Israeli troops who served in last summer’s war in Gaza were ordered to shoot people on sight, shelled homes and reduced neighborhoods to rubble as part of a deliberate policy of force protection that cost the lives of Palestinian civilians, according to soldiers’ testimonies published Monday by an Israeli veterans group.
The Gaza testimonies, taken from 60 soldiers who took part in the fighting, provide an insight into the tactics the Israeli military employed during the 50-day war against the militant Islamist group Hamas that left more than 2,100 Palestinians dead and destroyed large swaths of the Gaza Strip.
The veterans organization, Breaking the Silence, seeks to draw public attention to human rights violations in the Palestinian territories by collecting and publishing Israeli soldiers’ accounts of abuses they witnessed.
“The principle that guided the military policy – minimum risk to the forces, even at the price of harming innocent civilians . . . led to massive and unprecedented harm to the population and the civilian infrastructure in Gaza,” Breaking the Silence said in a preface to the accounts.
Yuli Novak, the group’s director, said that the military rules of engagement during the war were “the most permissive” it had documented, reflecting “a broad ethical failure” that “comes from the top of the chain of command.”
In a written response, the army said it was committed to investigating “credible claims” of misconduct by troops but was unable to check and respond to the accounts published by Breaking the Silence because the group had failed to provide the military with its findings.
Army officials have asserted that Hamas militants used civilians as human shields during the Gaza war, firing rockets at Israeli cities and attacking Israeli forces from within residential areas.
According to several of the accounts published Monday, ground troops advancing into Gaza neighborhoods were told that following bombardments, shelling and army warnings to civilians to flee, anyone left in the targeted areas should be considered a combatant.
“The rules of engagement were pretty much the same: anyone inside is a threat, the area is supposed to be sterile . . . if we don’t see someone raising a white flag, shouting that he surrenders, then he is a threat and it’s OK to open fire,” said a soldier who served in the town of Deir al Balah. Like the other combatants who spoke to Breaking the Silence, his name was not published.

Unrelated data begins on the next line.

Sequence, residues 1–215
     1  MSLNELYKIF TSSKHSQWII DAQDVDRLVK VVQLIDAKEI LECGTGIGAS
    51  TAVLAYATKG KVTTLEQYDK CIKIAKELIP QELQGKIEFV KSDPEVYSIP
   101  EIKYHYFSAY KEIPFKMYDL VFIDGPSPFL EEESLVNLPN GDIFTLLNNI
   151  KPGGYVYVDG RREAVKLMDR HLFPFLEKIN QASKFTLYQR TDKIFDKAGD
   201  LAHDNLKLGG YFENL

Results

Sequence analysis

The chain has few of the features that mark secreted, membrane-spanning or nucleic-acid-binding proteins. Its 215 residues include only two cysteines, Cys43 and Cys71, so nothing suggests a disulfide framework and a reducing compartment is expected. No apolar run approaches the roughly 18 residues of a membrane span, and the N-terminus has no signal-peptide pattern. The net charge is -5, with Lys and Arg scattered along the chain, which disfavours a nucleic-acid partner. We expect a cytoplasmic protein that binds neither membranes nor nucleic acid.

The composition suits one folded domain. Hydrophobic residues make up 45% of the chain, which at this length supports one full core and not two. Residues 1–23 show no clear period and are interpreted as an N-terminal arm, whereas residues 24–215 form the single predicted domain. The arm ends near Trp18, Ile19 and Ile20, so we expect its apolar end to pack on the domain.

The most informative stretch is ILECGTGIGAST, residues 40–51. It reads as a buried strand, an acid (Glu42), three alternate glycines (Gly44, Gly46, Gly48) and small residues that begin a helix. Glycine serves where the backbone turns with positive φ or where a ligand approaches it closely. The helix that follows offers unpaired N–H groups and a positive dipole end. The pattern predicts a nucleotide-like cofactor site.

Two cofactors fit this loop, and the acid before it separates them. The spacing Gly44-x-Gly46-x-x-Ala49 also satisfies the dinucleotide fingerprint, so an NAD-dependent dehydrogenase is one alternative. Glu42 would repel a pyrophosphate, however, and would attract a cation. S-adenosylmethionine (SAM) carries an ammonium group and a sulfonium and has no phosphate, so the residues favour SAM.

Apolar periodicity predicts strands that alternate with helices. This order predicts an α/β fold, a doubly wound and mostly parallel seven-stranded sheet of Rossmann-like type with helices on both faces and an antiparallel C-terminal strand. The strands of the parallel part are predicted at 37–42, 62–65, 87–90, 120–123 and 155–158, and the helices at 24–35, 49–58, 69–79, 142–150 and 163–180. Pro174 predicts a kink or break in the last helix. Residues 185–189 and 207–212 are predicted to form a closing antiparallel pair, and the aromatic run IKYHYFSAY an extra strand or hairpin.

“We were told, ‘You’re not supposed to encounter civilians, no one is supposed to be where you’re going, which means that if you see someone, he’s a terrorist,’” another soldier recalled. “The directives are to shoot first, at whoever you identify, armed or unarmed. . . . Any person you encounter and see with your eyes – shoot to kill. That’s an explicit directive.”
The soldier, who served in Gaza City, added that his commanding officer acknowledged that innocents could be killed, but he told his men that “you can’t take chances and you have to shoot without thinking.”
Palestinians looking out of windows or from porches could be targeted as suspected spotters watching troop movements and positions, soldiers said. “If you see someone at the window of a house, in a high place, watching – that’s a scout,” one soldier said. “For us he’s a target. . . . He’s an enemy.”
Soldiers said that in one case, an elderly man who approached a house used as an army position was shot and wounded because he was suspected of carrying explosives, then finished off at close range. According to another account, two women spotted talking on cellphones as they walked in an orchard were struck from the air and killed after they were suspected of reporting on Israeli positions.
A member of a tank crew recalled that they were ordered to fire a salvo of shells at a distant cluster of houses in memory of a comrade who was killed.
A tank gunner said that he and his comrades competed at taking potshots at cars traveling on a major road, though none were hit.
“After three weeks in Gaza in which you’re shooting at anything that moves . . . good and bad get a little mixed up,” he recalled in his testimony, adding, “It also becomes like a computer game.”
Other soldiers reported extensive destruction of homes.
“The minute you criminalize a building – meaning that you see even the slightest movement, a terrorist going in there – is reason enough to take it down,” said an officer who served in the northern Gaza Strip. “It’s OK to hit it with artillery.”
Another soldier who served in the same area said that houses were routinely shelled before troops entered them, and when the buildings were used as army positions, neighboring homes were often razed to deny potential cover to gunmen.
Several soldiers reported that when they moved out of homes they had occupied, the houses were demolished by military bulldozers.
An armored infantry sergeant who was in the area of Deir al Balah recalled that as his unit pulled out of a neighborhood, the houses were razed, and a commanding officer said this was because the homes stood on strategic high ground facing Israel.
“At some point we understood that this was a trend,” the soldier said. “You leave a house, and it’s gone.”
Greenberg is a McClatchy special correspondent.